WFP appeals for additional 250 mln USD funding to support millions of food insecure Zimbabweans

The United Nations World Food Program (WFP) on Thursday launched an international appeal for an additional 250 million U.S. dollars to “support a rapidly expanding emergency operation for millions at-risk.”

Donations permitting, the WFP intends to assist 4 million of the most vulnerable in 2020 and scale up to 5 million in January-April next year, the peak of the lean season.

In the appeal made from Rome, the WFP said its projections indicated that by the end of this year, the number of food insecure Zimbabweans would have surged by almost 50 percent to reach 8.6 million (or 60 percent of the population), owing to the combined effects of drought, economic recession and the COVID-19 pandemic.

“Many Zimbabwean families are suffering the ravages of acute hunger, and their plight will get worse before it gets better,” said Lola Castro, WFP regional director for Southern Africa.

“We need the international community to step up now to help us prevent a potential humanitarian catastrophe.”

The WFP said a nationwide lockdown, which was reinforced last week, had precipitated massive joblessness in urban areas, while rural hunger was accelerating because unemployed migrants are returning to their villages and the absence of the vital remittances they provided was more keenly felt.

“Subsistence farming families who make up three-quarters of Zimbabwe’s population and produce most of its food are also hurting because of a third successive drought-hit harvest this year. It yielded only 1.1 million metric tons of maize, the staple cereal, well down on last year’s already poor 2.4 million metric tons and less than half the national requirement.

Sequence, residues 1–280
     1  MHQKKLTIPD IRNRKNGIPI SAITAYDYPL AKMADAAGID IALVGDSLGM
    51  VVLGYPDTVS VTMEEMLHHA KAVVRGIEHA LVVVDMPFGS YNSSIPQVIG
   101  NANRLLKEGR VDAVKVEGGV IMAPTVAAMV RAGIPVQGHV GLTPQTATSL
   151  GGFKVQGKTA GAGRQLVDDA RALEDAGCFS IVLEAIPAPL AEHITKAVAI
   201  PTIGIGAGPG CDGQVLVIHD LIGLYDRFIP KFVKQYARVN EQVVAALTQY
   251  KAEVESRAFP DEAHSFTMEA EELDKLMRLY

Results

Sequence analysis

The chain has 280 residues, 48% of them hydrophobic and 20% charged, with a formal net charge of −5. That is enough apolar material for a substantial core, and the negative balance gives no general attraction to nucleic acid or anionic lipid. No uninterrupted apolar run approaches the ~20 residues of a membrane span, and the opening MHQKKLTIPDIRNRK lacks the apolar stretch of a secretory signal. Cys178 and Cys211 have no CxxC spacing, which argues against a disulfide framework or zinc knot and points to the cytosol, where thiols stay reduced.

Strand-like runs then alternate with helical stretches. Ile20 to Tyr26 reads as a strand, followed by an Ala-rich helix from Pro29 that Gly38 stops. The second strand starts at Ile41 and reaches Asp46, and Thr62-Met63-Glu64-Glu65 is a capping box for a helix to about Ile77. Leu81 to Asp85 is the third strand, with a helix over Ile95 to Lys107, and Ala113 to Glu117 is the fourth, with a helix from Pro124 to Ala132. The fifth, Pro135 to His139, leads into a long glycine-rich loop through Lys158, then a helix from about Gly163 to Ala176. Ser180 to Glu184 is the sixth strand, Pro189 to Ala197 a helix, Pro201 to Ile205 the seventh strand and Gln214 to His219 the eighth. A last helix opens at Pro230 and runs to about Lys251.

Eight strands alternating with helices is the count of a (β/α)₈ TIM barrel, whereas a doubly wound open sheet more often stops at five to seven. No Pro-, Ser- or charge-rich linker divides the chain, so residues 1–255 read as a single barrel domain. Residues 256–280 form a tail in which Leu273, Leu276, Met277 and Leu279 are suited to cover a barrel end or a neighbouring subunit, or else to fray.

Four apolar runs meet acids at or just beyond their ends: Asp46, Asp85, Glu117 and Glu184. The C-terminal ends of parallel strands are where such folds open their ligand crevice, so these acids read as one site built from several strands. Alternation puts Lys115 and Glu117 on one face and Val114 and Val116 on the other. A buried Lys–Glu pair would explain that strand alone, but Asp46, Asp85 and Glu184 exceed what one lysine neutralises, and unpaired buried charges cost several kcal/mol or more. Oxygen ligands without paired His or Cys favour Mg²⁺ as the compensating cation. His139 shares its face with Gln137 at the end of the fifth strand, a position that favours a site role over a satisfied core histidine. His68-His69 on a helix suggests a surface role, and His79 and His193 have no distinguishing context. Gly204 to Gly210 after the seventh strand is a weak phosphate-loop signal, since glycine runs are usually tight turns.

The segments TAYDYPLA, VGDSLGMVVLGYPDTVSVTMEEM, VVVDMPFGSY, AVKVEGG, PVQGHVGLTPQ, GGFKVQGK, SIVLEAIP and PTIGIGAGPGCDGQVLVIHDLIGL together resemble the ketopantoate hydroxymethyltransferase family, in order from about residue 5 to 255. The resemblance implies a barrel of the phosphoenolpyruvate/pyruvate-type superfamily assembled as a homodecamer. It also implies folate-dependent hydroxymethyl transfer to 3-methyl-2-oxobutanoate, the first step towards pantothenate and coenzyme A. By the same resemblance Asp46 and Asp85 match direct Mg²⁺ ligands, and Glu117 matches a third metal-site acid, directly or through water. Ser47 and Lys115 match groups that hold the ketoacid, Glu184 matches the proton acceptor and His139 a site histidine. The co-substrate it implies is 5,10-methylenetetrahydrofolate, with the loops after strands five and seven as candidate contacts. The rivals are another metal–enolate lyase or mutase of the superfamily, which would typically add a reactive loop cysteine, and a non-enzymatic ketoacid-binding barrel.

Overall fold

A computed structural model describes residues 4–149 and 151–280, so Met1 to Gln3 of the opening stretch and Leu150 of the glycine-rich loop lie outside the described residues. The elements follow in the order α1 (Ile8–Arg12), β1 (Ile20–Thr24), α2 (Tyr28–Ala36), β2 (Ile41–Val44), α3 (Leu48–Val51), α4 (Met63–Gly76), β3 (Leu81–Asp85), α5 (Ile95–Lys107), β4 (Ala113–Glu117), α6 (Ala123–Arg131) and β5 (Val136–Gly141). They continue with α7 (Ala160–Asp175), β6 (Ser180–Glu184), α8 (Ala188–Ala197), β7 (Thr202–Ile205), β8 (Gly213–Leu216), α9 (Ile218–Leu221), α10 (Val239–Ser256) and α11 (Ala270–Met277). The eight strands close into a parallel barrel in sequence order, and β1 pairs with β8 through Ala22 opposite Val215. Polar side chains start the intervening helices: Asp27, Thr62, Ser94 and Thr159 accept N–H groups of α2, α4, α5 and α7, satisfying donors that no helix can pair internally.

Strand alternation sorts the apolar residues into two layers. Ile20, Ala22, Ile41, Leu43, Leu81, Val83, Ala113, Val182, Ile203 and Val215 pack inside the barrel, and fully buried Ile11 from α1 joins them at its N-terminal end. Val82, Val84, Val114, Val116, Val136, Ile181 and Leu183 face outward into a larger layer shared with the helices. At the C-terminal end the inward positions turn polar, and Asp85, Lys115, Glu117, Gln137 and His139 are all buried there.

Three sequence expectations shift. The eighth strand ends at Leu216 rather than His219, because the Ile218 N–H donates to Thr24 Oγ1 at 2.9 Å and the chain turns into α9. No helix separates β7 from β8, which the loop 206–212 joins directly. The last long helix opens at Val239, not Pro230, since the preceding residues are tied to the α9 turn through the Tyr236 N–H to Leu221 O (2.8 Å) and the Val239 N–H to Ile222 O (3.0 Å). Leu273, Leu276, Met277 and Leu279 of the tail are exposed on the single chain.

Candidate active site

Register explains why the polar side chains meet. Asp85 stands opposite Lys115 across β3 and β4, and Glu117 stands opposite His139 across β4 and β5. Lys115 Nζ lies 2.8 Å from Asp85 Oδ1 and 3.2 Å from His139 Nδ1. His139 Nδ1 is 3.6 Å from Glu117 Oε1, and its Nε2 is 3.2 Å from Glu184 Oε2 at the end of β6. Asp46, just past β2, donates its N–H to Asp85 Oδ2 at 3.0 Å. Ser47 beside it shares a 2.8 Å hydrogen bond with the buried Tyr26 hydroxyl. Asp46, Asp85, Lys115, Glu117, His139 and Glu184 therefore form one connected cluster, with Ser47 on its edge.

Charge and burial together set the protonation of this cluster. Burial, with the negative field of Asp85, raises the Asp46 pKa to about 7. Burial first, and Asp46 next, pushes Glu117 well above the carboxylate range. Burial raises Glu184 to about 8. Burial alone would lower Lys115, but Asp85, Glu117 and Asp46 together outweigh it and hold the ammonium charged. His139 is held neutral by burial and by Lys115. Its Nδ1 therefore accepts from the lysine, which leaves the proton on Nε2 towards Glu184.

“This, in turn, presages even more severe hunger in early 2021, the peak of the next ‘lean’ season,” it said.

The WFP also noted that hyperinflation worsened the country’s profound economic crisis and had pushed the prices of basics beyond the means of many Zimbabweans.

“Last month, maize prices more than doubled in the capital of Harare. Increasingly desperate families are eating less, selling off precious belongings and going into debt.

“As the already dire situation worsens, more contributions are urgently needed. This month, for lack of funding, the WFP will only reach 700,000 of 1.8 million intended recipients,” it said.

The world food body said it was grateful for donors supporting its emergency response to COVID-19 in Zimbabwe.